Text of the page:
Define a value of type unit Lazy.t (which is synonymous with unit lazy_t), such that forcing that value with Lazy.force causes "Hello lazy world" to be printed. If you force it again, the string should not be printed.

##### Exercise: lazy and [✭✭]

Define a function (&&&) : bool Lazy.t -> bool Lazy.t -> bool. It should behave like a short circuit Boolean AND. That is, lb1 &&& lb2 should first force lb1. If it is false, the function should return false. Otherwise, it should force lb2 and return its value.

##### Exercise: lazy stream [✭✭✭]

Implement map and filter for the 'a lazystream type provided in the section on laziness.

## Promises and Lwt

##### Exercise: promise and resolve [✭✭]

Download the completed implementation of Promise. Use it to do the following: create a integer promise and resolver, bind a function on the promise to print the contents of the promise, then resolve the promise. Only after the promise is resolved should the printing occur.

##### Exercise: promise and resolve lwt [✭✭]

Repeat the promise and resolve exercise, but use the Lwt library instead of our own Promise library. Make sure to use Lwt's I/O functions (e.g., Lwt_io.printf).

##### Exercise: timing challenge 1 [✭✭]

Here is a function that produces a time delay. We can use it to simulate an I/O call that takes a long time to complete.

(** [delay s] is a promise that resolves after about [s] seconds. *)
let delay (sec : float) : unit Lwt.t =
Lwt_unix.sleep sec


Write a function delay_then_print : unit -> unit Lwt.t that delays for three seconds then prints "done".

##### Exercise: timing challenge 2 [✭✭✭]

What happens when timing2 () is run? How long does it take to run? Make a prediction, then run the code to find out.

open Lwt.Infix

let timing2 () =
let _t1 = delay 1. >>= fun () -> Lwt_io.printl "1" in
let _t2 = delay 10. >>= fun () -> Lwt_io.printl "2" in
let _t3 = delay 20. >>= fun () -> Lwt_io.printl "3" in
Lwt_io.printl "all done"


##### Exercise: timing challenge 3 [✭✭✭]

What happens when timing3 () is run? How long does it take to run? Make a prediction, then run the code to find out.

open Lwt.Infix

let timing3 () =
delay 1. >>= fun () ->
Lwt_io.printl "1" >>= fun () ->
delay 10. >>= fun () ->
Lwt_io.printl "2" >>= fun () ->
delay 20. >>= fun () ->
Lwt_io.printl "3" >>= fun () ->
Lwt_io.printl "all done"


##### Exercise: timing challenge 4 [✭✭✭]

What happens when timing4 () is run? How long does it take to run? Make a prediction, then run the code to find out.

open Lwt.Infix

let timing4 () =
let t1 = delay 1. >>= fun () -> Lwt_io.printl "1" in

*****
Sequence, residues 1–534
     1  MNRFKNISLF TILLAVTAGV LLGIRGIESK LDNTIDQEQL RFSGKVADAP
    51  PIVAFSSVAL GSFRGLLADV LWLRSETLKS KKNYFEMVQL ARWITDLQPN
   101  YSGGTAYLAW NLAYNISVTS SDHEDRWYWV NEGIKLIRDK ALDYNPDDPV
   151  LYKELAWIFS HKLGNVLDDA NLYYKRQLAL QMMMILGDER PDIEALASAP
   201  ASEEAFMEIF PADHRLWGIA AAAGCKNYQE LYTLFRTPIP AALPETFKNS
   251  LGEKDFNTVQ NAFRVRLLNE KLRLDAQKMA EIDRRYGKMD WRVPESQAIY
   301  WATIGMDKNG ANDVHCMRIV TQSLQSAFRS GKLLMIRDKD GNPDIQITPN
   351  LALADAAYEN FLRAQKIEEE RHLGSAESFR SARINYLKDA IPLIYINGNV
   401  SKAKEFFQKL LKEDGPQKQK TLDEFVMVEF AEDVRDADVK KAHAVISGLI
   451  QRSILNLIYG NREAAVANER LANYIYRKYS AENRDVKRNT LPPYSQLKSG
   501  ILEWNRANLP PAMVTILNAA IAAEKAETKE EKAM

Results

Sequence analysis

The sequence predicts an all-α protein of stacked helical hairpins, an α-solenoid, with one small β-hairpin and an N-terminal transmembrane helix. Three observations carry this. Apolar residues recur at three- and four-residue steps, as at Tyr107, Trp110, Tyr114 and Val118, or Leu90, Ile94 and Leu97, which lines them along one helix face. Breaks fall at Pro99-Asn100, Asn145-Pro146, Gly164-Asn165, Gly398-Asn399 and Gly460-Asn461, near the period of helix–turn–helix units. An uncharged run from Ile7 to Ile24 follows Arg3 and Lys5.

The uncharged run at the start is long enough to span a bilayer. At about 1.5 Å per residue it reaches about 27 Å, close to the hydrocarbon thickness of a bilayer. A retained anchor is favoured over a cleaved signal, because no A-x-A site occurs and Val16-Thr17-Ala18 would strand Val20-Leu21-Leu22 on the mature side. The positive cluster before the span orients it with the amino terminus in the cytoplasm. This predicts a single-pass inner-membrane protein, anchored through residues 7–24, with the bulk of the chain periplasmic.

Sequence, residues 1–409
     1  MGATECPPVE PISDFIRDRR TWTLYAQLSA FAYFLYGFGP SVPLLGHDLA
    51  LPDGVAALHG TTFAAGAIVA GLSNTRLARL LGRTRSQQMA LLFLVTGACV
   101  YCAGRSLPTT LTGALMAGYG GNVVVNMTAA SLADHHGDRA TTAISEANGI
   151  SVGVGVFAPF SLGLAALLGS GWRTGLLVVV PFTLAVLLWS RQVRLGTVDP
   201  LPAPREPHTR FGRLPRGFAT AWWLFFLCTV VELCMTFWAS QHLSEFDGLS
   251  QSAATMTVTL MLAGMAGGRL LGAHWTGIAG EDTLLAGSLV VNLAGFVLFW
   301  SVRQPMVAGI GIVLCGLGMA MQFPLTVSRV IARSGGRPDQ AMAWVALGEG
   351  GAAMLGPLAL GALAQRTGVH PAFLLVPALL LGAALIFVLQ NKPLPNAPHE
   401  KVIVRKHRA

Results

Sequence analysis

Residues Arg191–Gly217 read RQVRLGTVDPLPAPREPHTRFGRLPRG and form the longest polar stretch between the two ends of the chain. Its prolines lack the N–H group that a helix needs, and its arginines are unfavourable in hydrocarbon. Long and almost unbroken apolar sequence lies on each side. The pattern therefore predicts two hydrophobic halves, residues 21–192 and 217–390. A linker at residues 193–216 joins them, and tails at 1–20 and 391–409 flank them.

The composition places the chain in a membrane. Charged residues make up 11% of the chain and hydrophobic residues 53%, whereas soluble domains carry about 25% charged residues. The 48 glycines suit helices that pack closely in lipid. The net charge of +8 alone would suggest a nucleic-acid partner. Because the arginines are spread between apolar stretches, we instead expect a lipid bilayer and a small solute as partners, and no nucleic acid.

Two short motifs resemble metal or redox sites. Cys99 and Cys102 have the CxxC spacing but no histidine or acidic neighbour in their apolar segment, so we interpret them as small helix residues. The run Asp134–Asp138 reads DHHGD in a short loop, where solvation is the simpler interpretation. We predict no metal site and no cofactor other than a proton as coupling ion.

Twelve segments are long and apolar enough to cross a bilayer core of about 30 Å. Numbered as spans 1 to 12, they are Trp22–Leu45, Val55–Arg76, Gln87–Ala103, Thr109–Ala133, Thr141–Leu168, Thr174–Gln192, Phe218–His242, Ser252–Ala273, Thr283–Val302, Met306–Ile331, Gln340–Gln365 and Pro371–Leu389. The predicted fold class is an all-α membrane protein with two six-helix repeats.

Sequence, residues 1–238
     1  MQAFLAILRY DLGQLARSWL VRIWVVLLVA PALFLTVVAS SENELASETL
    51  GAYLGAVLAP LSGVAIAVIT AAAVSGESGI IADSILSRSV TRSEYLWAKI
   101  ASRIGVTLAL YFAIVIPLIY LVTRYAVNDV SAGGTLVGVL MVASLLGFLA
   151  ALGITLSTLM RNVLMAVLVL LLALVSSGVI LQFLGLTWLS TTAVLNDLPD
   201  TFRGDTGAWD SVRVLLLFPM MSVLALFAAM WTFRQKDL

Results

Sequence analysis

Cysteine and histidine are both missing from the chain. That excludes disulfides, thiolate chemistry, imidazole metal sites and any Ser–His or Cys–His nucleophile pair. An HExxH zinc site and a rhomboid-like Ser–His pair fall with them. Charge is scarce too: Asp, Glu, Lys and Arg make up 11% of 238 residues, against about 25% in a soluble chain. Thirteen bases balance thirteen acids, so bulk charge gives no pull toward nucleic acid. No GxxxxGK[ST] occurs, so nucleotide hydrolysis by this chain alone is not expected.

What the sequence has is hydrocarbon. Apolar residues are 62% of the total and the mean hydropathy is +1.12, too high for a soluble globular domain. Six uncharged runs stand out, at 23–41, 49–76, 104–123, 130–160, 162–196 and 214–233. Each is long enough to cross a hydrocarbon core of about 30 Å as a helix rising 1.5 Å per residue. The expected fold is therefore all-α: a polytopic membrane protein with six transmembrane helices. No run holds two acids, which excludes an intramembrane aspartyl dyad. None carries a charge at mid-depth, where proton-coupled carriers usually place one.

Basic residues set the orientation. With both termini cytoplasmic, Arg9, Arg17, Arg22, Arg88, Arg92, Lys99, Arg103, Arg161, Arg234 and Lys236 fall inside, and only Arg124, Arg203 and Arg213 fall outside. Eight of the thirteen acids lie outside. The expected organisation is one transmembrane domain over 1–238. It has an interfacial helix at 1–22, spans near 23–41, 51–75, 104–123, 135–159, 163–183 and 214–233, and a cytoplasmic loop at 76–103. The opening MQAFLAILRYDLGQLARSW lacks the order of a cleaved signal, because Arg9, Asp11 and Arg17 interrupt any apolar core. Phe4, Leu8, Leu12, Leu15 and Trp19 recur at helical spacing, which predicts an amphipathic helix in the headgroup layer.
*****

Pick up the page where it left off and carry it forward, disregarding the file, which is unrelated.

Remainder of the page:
let t2 = delay 10. >>= fun () -> Lwt_io.printl "2" in
let t3 = delay 20. >>= fun () -> Lwt_io.printl "3" in
Lwt.join [t1; t2; t3] >>= fun () ->
Lwt_io.printl "all done"


##### Exercise: file monitor [✭✭✭✭]

Write an Lwt program that monitors the contents of a file named "log". Specifically, your program should open the file, continually read a line from the file, and as each line becomes available, print the line to stdout. When you reach the end of the file (EOF), your program should terminate cleanly without any exceptions.

Here is starter code:

open Lwt.Infix
open Lwt_io
open Lwt_unix

(** [log ()] is a promise for an [input_channel] that reads from
the file named "log". *)
let log () : input_channel Lwt.t =
openfile "log" [O_RDONLY] 0 >>= fun fd ->
Lwt.return (of_fd input fd)

(** [loop ic] reads one line from [ic], prints it to stdout,
then calls itself recursively. It is an infinite loop. *)
let rec loop (ic : input_channel) =
failwith "TODO"
(* hint: use [Lwt_io.read_line] and [Lwt_io.printlf] *)

(** [monitor ()] monitors the file named "log". *)
let monitor () : unit Lwt.t =
log () >>= loop

(** [handler] is a helper function for [main]. If its input is
[End_of_file], it handles cleanly exiting the program by
returning the unit promise. Any other input is re-raised
with [Lwt.fail]. *)
let handler : exn -> unit Lwt.t =
failwith "TODO"

let main () : unit Lwt.t =
Lwt.catch monitor handler

let _ = Lwt_main.run (main ())


Complete loop and handler. You might find the Lwt manual to be useful.

To compile your code, put it in a file named monitor.ml and run

$ocamlbuild -use-ocamlfind -pkg lwt.unix -tag thread monitor.byte  To simulate a file to which lines are being added over time, open a new terminal window and enter the following commands: $ mkfifo log
\$ cat >log


Now anything you type into the terminal window (after pressing return) will be added to the file named log. That will enable you to interactively test your program.

Here are the definitions for the maybe monad:

module type Monad = sig
type 'a t
val return : 'a -> 'a t
val (>>=) : 'a t -> ('a -> 'b t) -> 'b t
end

struct
type 'a t = 'a option

let return x = Some x

let (>>=) m f =
match m with
| Some x -> f x
| None -> None

end

let add : int Maybe.t -> int Maybe.t -> int Maybe.t =
failwith "TODO"